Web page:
Use design elements to highlight specific menu items, such as placing a box around it, using a special font, or adding a photograph. Photographs and visual cues should be used sparingly, since the more you add, the lower their impact when it comes to guiding customers to the meals you are highlighting. High-end restaurants should avoid photographs all together.

Write Descriptively

Use evocative text to describe your dishes. Food should sound tantalizing; the more adjectives, the better.

When writing descriptions for your menu items, keep these tips in mind:

  • Don’t just list ingredients; use mouth-watering descriptors that can pique a guest’s interest in a dish.
  • Giving a dish an ethnic label will create greater authenticity. Calling your pasta dish, “Grandma Bella’s Noodles Bareggio,” has more impact than spaghetti and meatballs.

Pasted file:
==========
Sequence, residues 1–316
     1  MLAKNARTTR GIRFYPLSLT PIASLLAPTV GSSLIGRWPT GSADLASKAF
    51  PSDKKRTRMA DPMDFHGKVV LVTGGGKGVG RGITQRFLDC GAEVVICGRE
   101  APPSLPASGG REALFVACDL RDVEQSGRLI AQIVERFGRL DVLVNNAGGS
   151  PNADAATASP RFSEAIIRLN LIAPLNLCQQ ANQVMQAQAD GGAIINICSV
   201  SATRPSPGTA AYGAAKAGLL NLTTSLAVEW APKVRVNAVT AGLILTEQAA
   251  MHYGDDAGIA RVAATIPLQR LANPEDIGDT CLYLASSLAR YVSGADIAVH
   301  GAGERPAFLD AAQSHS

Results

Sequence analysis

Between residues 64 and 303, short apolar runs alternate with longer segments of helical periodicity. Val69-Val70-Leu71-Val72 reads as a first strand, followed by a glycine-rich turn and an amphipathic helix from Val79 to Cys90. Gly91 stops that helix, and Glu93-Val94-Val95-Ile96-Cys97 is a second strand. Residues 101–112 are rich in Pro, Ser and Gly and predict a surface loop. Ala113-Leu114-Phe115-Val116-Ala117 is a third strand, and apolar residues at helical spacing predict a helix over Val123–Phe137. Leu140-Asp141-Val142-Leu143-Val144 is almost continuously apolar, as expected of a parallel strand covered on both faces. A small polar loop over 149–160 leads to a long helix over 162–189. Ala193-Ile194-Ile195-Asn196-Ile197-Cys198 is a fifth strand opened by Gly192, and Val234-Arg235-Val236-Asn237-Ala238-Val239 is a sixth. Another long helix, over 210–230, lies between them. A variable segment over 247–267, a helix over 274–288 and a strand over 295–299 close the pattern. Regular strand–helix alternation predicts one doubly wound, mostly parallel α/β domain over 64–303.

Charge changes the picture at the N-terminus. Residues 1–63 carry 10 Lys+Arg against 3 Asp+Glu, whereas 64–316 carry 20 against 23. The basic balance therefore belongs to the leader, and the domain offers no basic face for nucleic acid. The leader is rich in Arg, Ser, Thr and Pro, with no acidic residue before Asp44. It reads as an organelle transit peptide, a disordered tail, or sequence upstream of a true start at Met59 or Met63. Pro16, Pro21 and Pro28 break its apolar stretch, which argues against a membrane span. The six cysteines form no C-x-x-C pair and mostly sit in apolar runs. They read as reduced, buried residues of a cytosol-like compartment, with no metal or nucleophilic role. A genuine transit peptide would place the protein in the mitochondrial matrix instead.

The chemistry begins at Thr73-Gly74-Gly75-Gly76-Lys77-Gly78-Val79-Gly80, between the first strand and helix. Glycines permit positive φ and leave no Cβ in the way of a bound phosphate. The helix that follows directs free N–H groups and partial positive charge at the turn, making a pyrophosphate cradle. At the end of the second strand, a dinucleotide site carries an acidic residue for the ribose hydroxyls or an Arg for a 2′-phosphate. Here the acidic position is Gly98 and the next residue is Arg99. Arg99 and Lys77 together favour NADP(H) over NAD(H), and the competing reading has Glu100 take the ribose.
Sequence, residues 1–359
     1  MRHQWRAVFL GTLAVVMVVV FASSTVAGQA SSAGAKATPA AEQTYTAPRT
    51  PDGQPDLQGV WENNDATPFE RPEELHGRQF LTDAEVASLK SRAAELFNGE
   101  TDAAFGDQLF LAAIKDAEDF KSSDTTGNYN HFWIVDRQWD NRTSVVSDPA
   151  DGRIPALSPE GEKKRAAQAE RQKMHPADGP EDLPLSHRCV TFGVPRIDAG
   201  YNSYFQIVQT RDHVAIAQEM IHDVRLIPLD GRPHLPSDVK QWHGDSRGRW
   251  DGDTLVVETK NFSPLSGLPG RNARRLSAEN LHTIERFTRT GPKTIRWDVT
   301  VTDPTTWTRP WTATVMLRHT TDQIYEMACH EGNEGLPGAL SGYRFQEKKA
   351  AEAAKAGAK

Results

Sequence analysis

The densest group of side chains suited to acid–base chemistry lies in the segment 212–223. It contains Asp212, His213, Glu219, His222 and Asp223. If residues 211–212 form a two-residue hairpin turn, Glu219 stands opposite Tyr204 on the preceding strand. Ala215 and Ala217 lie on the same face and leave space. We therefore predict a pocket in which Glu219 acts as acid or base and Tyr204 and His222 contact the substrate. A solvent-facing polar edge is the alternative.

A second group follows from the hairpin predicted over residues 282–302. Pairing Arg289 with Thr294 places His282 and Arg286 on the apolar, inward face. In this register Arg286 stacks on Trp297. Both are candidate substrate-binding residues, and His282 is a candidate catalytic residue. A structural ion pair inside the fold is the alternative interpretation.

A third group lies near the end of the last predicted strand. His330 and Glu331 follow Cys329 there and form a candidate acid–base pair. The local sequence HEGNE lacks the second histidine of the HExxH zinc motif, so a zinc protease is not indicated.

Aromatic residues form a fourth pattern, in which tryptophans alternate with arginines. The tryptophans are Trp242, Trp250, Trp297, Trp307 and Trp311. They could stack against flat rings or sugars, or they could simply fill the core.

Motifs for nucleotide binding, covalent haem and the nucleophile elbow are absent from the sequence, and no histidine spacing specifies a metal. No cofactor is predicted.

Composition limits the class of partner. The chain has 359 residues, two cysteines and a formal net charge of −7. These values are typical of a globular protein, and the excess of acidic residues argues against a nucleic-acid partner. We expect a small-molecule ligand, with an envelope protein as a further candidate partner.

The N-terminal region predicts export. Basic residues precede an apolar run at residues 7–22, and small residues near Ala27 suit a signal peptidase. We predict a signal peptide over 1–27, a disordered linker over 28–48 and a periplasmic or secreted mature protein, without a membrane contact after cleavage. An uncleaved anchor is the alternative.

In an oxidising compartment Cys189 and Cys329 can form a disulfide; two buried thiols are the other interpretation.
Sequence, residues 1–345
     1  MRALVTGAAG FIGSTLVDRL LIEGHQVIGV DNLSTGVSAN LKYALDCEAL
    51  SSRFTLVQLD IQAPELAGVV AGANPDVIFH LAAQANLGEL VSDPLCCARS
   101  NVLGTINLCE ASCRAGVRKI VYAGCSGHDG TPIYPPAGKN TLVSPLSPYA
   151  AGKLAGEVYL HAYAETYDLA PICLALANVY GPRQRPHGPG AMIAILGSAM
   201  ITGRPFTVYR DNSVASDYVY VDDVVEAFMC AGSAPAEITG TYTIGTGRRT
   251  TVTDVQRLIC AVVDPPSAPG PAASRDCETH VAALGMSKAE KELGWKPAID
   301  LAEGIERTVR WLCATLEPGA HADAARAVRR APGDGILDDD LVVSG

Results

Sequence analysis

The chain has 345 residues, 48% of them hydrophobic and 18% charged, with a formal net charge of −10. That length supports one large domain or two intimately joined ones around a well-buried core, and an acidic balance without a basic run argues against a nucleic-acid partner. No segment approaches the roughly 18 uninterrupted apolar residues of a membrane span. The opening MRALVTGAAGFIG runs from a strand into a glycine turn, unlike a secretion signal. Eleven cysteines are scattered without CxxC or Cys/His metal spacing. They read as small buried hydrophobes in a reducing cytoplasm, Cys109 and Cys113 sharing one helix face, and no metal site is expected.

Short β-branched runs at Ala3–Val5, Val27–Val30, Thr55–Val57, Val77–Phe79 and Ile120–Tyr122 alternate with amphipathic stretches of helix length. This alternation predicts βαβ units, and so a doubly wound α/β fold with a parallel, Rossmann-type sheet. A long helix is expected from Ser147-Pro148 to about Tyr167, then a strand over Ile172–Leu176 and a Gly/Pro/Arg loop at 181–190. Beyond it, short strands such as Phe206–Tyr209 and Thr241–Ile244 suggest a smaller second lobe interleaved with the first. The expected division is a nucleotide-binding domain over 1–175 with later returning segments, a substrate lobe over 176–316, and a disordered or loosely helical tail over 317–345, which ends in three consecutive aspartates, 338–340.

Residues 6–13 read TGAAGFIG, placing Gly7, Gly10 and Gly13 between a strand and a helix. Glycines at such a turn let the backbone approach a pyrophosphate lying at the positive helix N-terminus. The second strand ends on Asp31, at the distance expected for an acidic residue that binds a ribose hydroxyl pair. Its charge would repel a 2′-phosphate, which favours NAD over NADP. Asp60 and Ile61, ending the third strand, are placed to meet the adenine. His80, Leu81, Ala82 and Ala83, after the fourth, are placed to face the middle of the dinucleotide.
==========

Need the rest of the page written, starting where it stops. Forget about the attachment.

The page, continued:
• Tell customers why the item is on your menu: Did your great grandmother use this recipe? Was it your favorite dessert as a child? Humanizing a dish takes it out of the realm of being a commodity.
  • If your ingredients include items that are made by well-known and respected brand names, include the brand names in your description. Doing so enhances the perception of the item’s quality.

According to research from Cornell University, descriptive menu item labels lends an extra sensory experience to your menu and your customers are more likely to be satisfied at the end of the meal. Another study shows that using descriptive menu labels can raise sales by as much as 25%, compared to food items without intriguing text.

Ditch the Dollar Sign

Don’t use dollar signs because dollar signs cause your customers to think about spending money. Keep your menu prices as abstract as possible to make spending less threatening. Just numbers without the dollar sign and psychologically your diners will “think” they are spending less.